~ The Wild roster tonight was as follows: Charlie Coyle, Cody McCormick, Mikko Koivu, Zach Parise, Justin Fontaine, Dany Heatley, Kyle Brodziak, Nino Niederreiter, Matt Cooke, Jason Pominville, Erik Haula, Mikael Granlund, Keith Ballard, Clayton Stoner, Marco Scandella, Ryan Suter, Jonas Brodin, and Jared Spurgeon. Darcy Kuemper served as back up to Ilya Bryzgalov.
~ The 3 Stars of the Game as selected by were: 1st Star, Patrick Kane; 2nd Star, Erik Haula; 3rd Star, Corey Crawford.
~ Attendance was 19,396 at Xcel Energy Center.
Wild Prospect Report:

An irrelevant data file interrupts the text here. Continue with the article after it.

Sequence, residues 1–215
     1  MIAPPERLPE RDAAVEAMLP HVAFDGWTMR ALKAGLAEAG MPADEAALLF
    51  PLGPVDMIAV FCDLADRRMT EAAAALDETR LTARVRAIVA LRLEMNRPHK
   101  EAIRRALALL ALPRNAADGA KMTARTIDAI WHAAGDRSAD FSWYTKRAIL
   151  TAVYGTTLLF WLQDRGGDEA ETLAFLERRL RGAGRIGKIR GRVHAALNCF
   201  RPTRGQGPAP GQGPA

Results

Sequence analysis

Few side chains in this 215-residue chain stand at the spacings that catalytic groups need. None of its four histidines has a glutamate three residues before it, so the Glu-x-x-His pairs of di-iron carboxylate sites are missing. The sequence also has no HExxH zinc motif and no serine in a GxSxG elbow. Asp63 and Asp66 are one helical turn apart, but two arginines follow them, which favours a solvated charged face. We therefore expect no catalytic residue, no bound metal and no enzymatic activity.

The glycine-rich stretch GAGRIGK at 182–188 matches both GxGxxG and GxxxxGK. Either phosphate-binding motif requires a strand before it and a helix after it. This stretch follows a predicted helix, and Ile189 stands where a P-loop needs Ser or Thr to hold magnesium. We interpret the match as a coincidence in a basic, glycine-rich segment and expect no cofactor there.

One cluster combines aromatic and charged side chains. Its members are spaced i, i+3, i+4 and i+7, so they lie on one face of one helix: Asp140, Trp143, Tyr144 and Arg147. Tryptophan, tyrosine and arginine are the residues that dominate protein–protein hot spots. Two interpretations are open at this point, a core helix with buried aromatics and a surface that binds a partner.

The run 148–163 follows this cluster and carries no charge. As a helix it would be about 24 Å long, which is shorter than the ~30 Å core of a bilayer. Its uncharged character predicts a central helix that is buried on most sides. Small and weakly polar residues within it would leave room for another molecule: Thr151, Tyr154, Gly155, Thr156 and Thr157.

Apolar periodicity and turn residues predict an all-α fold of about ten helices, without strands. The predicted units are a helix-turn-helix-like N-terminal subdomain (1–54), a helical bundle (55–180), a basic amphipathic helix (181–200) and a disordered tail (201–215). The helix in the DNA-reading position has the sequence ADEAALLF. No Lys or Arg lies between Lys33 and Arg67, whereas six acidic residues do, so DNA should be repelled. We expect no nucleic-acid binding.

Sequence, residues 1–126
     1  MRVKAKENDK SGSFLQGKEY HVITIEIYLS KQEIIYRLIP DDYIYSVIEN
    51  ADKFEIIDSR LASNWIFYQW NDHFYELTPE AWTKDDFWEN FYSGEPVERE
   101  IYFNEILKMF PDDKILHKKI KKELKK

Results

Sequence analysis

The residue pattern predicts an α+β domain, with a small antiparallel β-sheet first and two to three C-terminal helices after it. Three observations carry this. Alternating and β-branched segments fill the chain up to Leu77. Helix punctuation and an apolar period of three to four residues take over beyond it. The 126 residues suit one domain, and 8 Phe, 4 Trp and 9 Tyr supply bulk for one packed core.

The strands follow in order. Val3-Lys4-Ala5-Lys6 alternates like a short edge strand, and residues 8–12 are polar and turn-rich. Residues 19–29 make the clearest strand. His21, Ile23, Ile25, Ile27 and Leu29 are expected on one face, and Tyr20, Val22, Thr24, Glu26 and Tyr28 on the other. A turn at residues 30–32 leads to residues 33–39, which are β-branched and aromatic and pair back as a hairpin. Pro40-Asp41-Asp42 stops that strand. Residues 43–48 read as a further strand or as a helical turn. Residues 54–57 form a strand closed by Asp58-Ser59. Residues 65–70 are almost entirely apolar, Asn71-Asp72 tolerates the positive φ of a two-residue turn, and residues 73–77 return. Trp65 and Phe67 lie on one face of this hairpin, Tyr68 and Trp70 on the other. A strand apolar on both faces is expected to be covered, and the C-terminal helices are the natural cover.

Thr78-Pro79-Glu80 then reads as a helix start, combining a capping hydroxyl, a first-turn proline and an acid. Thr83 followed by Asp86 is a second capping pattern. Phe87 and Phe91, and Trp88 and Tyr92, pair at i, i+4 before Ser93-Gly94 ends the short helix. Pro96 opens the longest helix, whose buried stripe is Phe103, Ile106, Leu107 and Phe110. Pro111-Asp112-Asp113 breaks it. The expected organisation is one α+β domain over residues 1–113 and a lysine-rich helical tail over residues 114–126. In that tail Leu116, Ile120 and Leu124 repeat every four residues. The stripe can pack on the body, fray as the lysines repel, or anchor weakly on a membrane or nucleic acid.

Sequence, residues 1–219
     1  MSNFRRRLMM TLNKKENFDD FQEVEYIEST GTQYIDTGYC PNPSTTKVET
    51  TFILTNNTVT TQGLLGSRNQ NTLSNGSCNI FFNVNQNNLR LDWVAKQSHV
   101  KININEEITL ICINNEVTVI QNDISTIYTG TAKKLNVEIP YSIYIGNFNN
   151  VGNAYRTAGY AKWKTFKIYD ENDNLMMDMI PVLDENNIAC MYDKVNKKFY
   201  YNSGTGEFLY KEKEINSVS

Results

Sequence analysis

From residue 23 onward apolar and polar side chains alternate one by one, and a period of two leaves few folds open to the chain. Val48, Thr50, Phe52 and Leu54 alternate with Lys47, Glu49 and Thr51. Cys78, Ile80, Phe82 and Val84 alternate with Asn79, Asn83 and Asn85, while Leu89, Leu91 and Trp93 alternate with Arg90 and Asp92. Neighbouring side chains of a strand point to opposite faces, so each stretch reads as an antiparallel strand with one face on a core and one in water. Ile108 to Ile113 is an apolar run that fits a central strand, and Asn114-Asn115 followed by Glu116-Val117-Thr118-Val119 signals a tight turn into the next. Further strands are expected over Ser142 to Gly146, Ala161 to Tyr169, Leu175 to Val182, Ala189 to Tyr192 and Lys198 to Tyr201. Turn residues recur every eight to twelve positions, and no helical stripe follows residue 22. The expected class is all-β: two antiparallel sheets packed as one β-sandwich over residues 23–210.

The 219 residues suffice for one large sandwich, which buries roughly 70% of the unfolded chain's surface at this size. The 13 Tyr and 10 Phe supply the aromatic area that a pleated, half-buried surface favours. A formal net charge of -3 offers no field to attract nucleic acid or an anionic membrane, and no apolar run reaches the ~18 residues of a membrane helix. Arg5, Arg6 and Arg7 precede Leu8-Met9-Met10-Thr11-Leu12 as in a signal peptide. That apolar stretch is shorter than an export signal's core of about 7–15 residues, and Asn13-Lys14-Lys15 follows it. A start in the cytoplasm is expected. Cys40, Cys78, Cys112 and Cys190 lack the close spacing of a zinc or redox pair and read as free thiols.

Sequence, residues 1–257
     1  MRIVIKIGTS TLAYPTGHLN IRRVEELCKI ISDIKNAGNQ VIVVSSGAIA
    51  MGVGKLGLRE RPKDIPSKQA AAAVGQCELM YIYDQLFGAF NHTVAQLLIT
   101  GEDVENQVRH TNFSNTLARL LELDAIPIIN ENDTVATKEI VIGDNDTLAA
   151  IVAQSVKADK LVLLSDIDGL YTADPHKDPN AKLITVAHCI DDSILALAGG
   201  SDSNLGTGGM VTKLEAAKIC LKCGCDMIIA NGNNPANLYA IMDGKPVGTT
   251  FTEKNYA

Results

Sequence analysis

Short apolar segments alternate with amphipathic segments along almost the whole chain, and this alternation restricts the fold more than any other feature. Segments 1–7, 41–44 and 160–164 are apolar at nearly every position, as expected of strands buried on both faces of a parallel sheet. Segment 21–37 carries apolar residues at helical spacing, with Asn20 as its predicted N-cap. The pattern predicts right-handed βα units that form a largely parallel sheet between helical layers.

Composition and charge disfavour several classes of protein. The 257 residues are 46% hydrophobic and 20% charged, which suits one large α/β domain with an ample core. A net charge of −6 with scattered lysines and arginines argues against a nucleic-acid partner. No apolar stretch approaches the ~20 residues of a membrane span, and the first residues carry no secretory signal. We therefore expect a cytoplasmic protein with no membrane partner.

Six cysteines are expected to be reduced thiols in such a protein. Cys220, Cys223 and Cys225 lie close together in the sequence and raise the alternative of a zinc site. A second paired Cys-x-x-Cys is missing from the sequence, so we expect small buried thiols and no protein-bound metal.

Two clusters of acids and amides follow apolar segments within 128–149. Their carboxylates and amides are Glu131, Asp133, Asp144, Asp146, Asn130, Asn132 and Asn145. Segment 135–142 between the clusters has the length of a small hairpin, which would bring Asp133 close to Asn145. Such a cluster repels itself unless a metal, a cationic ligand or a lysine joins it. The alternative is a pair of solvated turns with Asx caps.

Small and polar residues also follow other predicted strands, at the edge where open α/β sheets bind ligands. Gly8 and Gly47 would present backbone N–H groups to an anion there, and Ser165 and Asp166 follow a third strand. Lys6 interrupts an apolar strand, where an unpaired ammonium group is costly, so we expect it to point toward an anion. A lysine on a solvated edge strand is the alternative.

D – Mathew Dumba (Portland, WHL) ~ The Winterhawks’ season ended in dramatic fashion on Monday night in a Game 7 thriller in Portland. After rallying back from a two-goal deficit the night before the Oil Kings had a monster 4-goal 2nd period to roll to a 4-2 victory and the WHL Championship. It was not a great night for Dumba; who made the critical mistake that led to Edmonton’s shorthanded goal that sort of blew open the floodgates that the Winterhawks were unable to overcome. Dumba was a -2 on the night and finished the playoffs with 8 goals, 18 points and despite the games still finished the playoffs with a respectable +18 in 21 playoff contests this year. Minnesota would continue to get some yawning goal opportunities, and either failed to shoot on them or would go wide. After some debate by the officials, Hjalmarsson would be called for delay of game. He’s sure it deflected off of a Wild player, but it was hard to tell. Minnesota would get the power play, but this time they need to shoot, shoot, and shoot. There’s no excuse for killing the penalty all on your own when you’re on the power play. Way too static, way too passive. Once again, we had another of our less than exciting power play. There’s a reason the fans call it the powerless play or the pathetic power play. As fans, we’ve come to expect nothing when it comes to the man advantage. And why Koivu is on the top power play unit makes absolutely no sense. The personnel decisions continue to baffle all. If Yeo is wondering why it’s not working, perhaps he needs to speak with the rest of us. We’d tell him, no holds barred. We’re getting to the point in the game, with just under ten minutes left in regulation, that if Chicago scores, Minnesota has almost no chance of getting it back. The Wild need to find the energy of the second period and find those open nets. And sadly, I think we’ll see Chicago score a soft goal like Versteeg’s that started the scoring tonight. It will be a weak goal, and no matter how hard Minnesota works, they won’t be able to get it back. I don’t know what it’s going to take. The Minnesota continue to get more of these bouts of sustained pressure, and yet they can’t convert them into goals. At this point, the Wild should be up like 4-1, yet we’re still tied.